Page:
Storyteller at Fault, The

The Storyteller at Fault by Dan Yashinsky, art by Nancy Cairine Pitt. Charlottetown,PEI: Ragweed Press, 1992. ISBN 0-921.556-29-2 $9.95 63 P

Dan Yashinsky has always loved frame stories, and this book, based on a performance he first gave in 1991, is his addition to the genre. The frame story is that of a Storyteller performing for the King. The King realizes he has heard the story before and condemns the Storyteller to death for the crime of forgetfulness and for being careless with his priceless stories. The Storyteller begs for the chance to tell one last, secret story and is given it.

This last, secret story is set up as a frame within the frame. A father goes to tell his son a story, but the son refuses. Life has shown him that not all tales end happily-ever-after. Through dialogue and a story, the father gets the son to agree to listen to ten stories that don't end with these famous words. Then comes a series of nine delightful world folktales offering a wide variety of type and situation. The frame ends with the storyteller unable to finish his tale, since it is the main character in it' The King pardons the Storyteller who can now go back to his son to finish the story and complete the frame within a frame.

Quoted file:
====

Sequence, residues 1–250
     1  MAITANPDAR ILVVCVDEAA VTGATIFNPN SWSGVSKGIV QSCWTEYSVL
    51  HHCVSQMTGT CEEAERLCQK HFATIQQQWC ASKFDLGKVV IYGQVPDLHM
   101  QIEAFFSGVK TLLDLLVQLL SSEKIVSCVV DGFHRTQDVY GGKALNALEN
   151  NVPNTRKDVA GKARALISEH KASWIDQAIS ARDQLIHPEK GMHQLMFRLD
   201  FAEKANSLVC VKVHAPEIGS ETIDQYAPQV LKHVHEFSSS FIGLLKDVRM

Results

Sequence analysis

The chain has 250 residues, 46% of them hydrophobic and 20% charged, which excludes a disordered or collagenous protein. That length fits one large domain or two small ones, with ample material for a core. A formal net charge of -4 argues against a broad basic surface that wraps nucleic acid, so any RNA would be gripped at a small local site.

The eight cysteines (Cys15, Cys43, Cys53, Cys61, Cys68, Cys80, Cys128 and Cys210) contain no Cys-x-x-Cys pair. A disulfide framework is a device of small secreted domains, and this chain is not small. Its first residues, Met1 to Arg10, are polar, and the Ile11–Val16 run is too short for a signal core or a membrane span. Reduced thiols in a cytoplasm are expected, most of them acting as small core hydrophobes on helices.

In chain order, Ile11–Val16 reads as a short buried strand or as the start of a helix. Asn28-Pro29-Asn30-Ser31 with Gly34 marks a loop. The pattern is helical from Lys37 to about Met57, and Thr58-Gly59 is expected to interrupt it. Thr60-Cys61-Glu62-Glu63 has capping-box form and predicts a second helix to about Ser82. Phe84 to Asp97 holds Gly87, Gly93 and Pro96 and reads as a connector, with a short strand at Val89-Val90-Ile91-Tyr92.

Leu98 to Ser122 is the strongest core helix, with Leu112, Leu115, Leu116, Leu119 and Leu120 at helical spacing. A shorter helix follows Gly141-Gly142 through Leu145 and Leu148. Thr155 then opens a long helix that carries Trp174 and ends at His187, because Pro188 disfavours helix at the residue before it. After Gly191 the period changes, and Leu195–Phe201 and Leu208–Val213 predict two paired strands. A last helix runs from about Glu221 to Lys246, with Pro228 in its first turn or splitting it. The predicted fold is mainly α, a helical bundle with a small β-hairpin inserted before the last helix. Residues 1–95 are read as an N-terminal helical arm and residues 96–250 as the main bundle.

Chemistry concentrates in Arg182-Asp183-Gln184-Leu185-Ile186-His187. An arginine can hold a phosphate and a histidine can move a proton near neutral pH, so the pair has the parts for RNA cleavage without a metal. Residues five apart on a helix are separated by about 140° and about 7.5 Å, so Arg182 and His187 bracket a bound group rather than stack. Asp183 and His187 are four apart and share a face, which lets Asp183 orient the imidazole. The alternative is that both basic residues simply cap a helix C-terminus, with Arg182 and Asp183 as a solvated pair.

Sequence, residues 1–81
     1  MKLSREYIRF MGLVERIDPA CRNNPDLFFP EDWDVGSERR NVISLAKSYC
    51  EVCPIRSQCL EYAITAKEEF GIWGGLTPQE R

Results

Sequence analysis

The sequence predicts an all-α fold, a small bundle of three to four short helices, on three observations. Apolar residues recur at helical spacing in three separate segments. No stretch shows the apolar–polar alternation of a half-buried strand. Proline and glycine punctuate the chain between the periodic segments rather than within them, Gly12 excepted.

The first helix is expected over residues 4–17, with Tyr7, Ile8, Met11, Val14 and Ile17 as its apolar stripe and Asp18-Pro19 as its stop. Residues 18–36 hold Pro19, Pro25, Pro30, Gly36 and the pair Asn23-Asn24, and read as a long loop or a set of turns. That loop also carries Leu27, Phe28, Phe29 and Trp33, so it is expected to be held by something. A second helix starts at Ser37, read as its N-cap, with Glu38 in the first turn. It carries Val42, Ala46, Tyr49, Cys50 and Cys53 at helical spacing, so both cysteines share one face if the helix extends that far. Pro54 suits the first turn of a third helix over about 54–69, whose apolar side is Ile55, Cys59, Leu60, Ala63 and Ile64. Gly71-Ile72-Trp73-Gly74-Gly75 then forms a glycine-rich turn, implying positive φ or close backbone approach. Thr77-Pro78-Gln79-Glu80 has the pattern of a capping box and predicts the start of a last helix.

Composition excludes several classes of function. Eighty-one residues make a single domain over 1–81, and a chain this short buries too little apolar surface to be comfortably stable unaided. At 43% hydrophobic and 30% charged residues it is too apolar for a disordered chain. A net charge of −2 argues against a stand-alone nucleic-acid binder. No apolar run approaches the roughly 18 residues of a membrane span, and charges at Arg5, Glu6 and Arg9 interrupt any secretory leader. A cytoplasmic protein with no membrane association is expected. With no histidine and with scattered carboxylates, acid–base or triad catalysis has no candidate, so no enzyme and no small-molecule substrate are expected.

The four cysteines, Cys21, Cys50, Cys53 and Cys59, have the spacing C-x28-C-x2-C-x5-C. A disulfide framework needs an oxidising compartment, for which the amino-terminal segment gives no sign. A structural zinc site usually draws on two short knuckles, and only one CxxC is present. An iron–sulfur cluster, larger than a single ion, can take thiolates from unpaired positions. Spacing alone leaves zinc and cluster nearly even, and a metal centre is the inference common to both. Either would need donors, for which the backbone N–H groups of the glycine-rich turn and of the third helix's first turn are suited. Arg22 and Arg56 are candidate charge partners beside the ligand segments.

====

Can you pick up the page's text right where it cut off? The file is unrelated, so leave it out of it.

The credibility of the outer frame relies on the idea that the King's scribe created a memory machine which captured all the ales of the Storyteller. While the concept has great potential, the idea of a scribe keying stories into his database and producing “hard, hard copy" just doesn’t
jibe for me. Fortunately, Yashinsky doesn't labour this image, and it is easy to overlook for the sake of enjoyment of the rest of the book.

Reviewed by Marion Chiduck
The Second Story Review, Vol 1, No. 1, March 1996
Mot de passe oublié?